Binyamin Appelbaum had an interesting post about how many economists would like to see a higher rate of inflation to help recover from the downturn. The piece emphasizes the role of inflation in lowering real wages, with the argument that lower real wages are necessary to increase employment.
While there may be some truth to this point, it is worth fleshing out the argument more fully. At any point in time, there are sectors in which demand is increasing and we would expect to see rising real wages and also sectors where demand is falling and we would expect to see real wages do the same (e.g. Wall Street traders -- okay, that was a dream).
Anyhow, when inflation is very low, the only way to bring about declines in real wages in these sectors is by having lower nominal wages. Since workers resist nominal pay cuts, we end up not having this adjustment and therefore we end up with fewer jobs than would otherwise be the case. However it is an important qualification in this story that it is not about reducing real wages for all workers, only for some subset.
The other important point is that higher inflation promotes growth in other ways. First and foremost it makes investment more profitable by reducing real interest rates. Firms are considering spending money today to sell more output (e.g. software, computers, Twitter derivatives etc.) in the future. If they expect to sell this output for higher prices because of inflation, then they will find it more profitable to invest today. If we can keep interest rates more or less constant and raise the expected rate of inflation, then firms will have much more incentive to invest. This process seems to be working successfully in Japan at the moment.
Finally, inflation reduces debt burdens. Everyone who has debt in nominal dollars, such as homeowners, students, state and local governments, and the national government, will see the real value of its debt fall in response to inflation. This reduces their debt burden and makes it easier to spend. This would likely also be an important source of demand growth from higher inflation.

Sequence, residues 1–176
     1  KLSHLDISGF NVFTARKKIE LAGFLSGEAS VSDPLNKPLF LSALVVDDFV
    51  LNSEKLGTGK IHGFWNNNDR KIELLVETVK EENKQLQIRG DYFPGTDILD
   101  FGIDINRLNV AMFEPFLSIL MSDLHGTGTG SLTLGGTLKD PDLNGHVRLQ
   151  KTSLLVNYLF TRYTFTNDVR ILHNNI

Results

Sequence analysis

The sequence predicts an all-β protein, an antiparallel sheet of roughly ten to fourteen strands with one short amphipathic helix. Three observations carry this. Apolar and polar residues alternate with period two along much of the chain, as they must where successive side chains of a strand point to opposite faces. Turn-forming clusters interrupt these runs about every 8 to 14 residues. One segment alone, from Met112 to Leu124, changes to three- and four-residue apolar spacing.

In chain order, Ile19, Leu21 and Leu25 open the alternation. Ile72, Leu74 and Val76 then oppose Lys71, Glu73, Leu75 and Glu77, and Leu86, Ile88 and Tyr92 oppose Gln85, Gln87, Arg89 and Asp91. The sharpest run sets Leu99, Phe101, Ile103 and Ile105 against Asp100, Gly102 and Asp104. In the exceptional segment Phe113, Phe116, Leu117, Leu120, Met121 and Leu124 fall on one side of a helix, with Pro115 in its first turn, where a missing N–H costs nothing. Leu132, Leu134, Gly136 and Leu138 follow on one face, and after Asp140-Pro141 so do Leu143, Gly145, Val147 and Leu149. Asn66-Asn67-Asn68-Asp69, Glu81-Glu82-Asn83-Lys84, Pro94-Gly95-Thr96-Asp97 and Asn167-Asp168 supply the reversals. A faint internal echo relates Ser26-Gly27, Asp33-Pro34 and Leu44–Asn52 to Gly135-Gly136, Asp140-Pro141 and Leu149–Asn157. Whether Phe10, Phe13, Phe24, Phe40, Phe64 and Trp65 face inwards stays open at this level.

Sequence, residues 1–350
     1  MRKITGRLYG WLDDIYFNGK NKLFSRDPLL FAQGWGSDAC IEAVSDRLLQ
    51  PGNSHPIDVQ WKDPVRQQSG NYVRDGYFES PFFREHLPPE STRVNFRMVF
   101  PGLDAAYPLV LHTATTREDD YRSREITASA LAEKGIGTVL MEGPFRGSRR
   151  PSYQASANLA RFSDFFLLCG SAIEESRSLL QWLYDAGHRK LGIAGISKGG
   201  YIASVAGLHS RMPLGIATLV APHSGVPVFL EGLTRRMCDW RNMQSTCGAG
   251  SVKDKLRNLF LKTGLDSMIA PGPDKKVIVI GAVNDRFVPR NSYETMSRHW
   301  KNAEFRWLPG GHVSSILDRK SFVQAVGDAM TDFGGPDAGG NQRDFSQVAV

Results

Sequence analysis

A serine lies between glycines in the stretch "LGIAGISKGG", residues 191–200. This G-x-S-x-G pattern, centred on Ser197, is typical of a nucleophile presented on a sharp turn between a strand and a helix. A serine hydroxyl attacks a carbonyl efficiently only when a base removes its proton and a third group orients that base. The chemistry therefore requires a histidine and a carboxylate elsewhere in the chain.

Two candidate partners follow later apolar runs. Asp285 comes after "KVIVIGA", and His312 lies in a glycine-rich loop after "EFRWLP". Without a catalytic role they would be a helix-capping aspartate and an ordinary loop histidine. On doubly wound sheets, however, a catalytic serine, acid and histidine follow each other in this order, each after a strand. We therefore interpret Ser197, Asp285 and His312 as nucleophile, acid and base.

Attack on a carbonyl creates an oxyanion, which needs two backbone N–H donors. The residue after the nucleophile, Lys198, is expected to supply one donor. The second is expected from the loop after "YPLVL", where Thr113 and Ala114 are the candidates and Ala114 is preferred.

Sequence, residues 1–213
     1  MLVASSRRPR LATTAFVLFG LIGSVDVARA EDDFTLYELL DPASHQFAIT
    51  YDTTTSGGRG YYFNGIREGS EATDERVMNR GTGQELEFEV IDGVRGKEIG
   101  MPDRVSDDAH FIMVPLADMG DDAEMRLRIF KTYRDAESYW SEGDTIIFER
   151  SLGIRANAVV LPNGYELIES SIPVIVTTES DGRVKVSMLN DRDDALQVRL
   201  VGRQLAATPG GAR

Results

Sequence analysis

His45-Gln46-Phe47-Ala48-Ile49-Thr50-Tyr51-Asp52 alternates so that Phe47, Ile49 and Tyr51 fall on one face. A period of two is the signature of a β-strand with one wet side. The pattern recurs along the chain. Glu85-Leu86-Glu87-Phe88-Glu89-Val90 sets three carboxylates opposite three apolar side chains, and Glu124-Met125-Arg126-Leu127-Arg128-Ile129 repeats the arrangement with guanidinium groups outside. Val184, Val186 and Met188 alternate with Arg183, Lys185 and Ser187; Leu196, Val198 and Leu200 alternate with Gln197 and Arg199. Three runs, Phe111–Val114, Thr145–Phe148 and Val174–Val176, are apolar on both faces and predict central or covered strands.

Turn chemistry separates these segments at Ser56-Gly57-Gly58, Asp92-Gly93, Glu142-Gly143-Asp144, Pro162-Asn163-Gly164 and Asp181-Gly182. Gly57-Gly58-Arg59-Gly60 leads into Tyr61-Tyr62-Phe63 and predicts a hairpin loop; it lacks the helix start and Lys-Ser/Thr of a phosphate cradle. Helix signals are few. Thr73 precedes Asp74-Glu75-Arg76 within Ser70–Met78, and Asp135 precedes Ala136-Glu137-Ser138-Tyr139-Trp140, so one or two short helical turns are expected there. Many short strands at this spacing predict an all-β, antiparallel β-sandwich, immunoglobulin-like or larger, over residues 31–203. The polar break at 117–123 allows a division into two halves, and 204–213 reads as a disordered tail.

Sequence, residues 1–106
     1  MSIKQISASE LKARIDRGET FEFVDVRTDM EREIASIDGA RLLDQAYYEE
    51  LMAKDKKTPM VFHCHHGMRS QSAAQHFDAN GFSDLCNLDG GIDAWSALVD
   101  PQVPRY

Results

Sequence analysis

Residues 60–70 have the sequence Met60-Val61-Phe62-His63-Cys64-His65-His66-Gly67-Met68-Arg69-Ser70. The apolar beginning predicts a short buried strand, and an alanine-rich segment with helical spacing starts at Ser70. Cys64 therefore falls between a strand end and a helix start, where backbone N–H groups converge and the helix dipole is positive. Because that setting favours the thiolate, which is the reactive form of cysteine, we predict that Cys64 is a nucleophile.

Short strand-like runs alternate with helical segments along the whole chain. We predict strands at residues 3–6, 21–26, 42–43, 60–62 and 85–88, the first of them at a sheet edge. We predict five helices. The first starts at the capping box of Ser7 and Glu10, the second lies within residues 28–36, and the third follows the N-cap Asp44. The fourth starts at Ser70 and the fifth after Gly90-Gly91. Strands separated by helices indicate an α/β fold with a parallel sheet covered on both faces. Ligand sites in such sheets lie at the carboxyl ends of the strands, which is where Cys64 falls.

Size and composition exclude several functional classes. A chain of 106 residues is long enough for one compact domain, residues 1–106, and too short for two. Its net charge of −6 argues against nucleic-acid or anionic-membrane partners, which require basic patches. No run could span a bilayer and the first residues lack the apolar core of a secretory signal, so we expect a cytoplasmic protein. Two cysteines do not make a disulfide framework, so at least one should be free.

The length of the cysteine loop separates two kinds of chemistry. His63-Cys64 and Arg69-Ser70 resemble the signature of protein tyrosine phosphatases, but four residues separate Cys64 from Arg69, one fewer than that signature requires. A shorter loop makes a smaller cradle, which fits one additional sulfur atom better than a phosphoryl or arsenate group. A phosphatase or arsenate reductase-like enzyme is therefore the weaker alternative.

While many economists do emphasize the wage story, to my mind the other parts are likely more important. And, if higher inflation leads to more employment, this will increase workers' bargaining power and allow them to achieve wage gains that are likely to quickly offset any losses due to inflation -- although the Wall Street traders may not make up the lost ground.
Let me make a quick comment to clear up unnecessary confusion (can't do much about the deliberate confusion). The notion of inflation being a way to lower wages in the U.S. refers to the wages of some workers, not all workers. There are always industries seeing increased demand and some seeing reduced demand. The response to the latter would be lower wages. That is difficult to bring about in a situation of near zero inflation and nominal wage rigidity. By having higher inflation so that real wages can fall in these industries, we can increase employment, output, and real wages more generally. That is the argument. Folks can say why that may not work, but it's really not worth anyone's time to deliberately misrepresent it so you can say it's stupid.
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